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Sarah Palin Delivers Gutsy Acceptance Speech

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By John Jalsevac

September 4, 2008 (LifeSiteNews.com) - Gov. Sarah Palin could hardly get through a single line of her acceptance speech at the Republican National Convention (RNC) last night without being interrupted by a standing ovation. The 44-year-old Alaskan governor delivered a gutsy speech with a poise, confidence and sense of humor that captivated her audience, including a record-breaking 30 million television viewers, as reported by the U.K.‘s The Sun - the largest ever tuned in for a VP-nomination acceptance speech.

The numbers alone confirm what quickly became apparent after McCain announced his choice for running mate last week - Sarah Palin is a different sort of vice presidential nominee who is already drawing an unprecedented level of attention to the oft-ignored office.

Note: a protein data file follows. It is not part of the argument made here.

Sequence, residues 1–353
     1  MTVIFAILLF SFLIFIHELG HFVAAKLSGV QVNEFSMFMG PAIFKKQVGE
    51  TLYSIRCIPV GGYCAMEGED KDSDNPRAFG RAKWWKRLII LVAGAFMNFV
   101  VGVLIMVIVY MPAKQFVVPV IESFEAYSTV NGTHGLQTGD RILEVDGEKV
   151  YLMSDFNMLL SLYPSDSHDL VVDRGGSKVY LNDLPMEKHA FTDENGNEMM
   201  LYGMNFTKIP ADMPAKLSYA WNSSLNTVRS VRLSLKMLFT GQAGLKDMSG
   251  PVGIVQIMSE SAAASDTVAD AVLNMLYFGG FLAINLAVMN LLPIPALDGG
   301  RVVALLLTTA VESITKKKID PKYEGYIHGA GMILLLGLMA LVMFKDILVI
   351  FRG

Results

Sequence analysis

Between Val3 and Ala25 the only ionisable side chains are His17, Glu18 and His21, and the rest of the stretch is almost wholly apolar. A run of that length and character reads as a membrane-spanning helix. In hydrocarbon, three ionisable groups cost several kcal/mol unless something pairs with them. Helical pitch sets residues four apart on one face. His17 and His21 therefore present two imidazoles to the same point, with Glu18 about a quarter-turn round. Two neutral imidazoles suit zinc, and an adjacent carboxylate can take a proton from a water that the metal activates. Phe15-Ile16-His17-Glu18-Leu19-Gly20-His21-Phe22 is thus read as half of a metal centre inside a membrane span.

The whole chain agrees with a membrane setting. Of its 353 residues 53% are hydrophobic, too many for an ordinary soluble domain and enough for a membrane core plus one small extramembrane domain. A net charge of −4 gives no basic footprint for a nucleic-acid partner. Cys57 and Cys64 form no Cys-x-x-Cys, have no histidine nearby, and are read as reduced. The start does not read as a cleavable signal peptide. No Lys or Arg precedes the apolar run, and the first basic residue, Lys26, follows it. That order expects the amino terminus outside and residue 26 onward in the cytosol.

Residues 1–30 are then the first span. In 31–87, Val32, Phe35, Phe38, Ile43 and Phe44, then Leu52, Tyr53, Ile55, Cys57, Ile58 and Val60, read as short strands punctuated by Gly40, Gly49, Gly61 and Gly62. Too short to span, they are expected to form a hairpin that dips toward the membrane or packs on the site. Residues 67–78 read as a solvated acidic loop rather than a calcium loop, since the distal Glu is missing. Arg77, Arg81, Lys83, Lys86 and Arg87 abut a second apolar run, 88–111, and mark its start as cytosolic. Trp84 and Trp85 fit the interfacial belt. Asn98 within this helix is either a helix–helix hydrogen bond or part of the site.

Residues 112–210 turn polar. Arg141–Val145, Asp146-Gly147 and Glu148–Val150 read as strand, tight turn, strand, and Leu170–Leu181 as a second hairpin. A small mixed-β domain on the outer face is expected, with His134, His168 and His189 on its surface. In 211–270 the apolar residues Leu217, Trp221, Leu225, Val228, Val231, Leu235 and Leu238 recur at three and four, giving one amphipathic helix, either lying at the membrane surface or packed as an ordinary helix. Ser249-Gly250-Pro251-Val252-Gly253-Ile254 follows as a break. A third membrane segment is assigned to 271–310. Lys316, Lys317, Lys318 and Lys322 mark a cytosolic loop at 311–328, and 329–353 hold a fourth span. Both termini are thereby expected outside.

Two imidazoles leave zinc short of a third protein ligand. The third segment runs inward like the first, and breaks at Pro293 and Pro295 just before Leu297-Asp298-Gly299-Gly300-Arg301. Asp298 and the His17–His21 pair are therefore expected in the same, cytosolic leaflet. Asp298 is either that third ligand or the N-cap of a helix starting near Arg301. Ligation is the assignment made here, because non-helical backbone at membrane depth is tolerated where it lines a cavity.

Adding to the positive impression that Palin made at the RNC is the revelation that her teleprompter - which she would have depended upon to feed her lines to her - broke halfway through her remarks, forcing her to continue from memory: a feat she performed flawlessly. Most weren’t even aware of the problem, with only those already in possession of her speech wondering why she was deviating from the prepared text. 

"I’ve learned quickly, these past few days," Palin said, referring to the negative press that has been heaped on her by the liberal media establishment since last Friday, "that if you’re not a member in good standing of the Washington elite, then some in the media consider a candidate unqualified for that reason alone.